It may be hard to imagine, but Downey Street was once a very important thoroughfare. Downey Street was the entrance into West Branch from the south. If you look up and down the gravel trace of the old road, you can see scattered hitching posts in front of several of the homes.
In 1870, the U.S. census counted Iowa’s population at almost 1.2 million. The towns and farms that now covered the state had, within a single generation, replaced the traditional American Indian uses of the land. Herbert Hoover’s grandfather, Eli Hoover, was one of the first few settlers of West Branch, arriving by covered wagon in 1854. When the census takers came sixteen years later, the town’s population stood at about 200. But the railroad’s arrival in West Branch that same year helped the town’s rapid expansion into a thriving agricultural and business centered community. (The railroad was also indirectly responsible for young Herbert's early interest in geology.) During Herbert Hoover’s childhood, the intersection of Downey and Main was the town crossroads. Although several of the streets that existed historically have been moved or no longer exist, you can still see the road trace of the original Downey Street as it runs past the little birthplace cottage. Because it wasn’t far, the Hoover family walked down this street into town to do their shopping.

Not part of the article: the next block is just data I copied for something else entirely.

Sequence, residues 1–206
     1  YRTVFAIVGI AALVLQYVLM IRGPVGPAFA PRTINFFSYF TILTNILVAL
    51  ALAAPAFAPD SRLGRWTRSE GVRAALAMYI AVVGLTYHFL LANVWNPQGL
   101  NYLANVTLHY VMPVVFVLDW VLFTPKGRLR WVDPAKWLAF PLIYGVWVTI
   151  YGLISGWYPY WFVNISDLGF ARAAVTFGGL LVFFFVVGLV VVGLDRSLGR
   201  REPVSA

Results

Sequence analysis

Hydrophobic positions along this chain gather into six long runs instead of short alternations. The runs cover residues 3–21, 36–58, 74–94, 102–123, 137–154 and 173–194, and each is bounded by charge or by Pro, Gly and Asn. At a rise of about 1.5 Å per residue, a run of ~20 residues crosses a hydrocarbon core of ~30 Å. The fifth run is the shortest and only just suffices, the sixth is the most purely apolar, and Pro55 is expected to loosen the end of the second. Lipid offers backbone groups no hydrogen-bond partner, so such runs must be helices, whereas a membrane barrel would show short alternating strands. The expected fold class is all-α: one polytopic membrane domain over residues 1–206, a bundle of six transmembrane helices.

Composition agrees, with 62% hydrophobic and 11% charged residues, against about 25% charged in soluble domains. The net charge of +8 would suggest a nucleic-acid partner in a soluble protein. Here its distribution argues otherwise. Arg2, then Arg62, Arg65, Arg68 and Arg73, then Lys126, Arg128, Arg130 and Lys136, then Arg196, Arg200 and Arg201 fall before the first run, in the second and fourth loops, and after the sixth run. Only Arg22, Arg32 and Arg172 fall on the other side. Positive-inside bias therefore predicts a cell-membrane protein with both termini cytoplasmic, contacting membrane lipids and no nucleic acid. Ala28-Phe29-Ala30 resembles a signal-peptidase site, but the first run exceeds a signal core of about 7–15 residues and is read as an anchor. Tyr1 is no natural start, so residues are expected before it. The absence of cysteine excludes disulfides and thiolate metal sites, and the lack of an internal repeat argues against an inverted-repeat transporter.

Did you notice how most of the homes along this street have either four-board or picket fencing in their front yards? For modern-day homeowners, what looks like a decorative choice was actually one of necessity for the folks living on Downey Street. When “Bertie” Hoover was a boy, he probably saw local farmers drive their livestock to market down the middle of this wide street - right past his front door. But if it weren’t for those fences, a stray pig or cow might have actually wound up eating the vegetables in his mother’s garden or stepping on the tulips in their front yard!In the 1870’s, the streets of West Branch were either “dusty thoroughfares or muddy bogs.” When it rained Downey Street would turn sticky with mud and lots of wagon wheel ruts. It wasn’t unusual to see a team of oxen or even a horse and buggy get stuck. At the time of Hoover’s birth in 1874, West Branch didn’t have sidewalks. However, by 1885 the city had finished over three and a half miles of wood plank walkways. The sidewalks here today are representations of those late 19th century boardwalks; they may be slippery when wet, so please watch your step.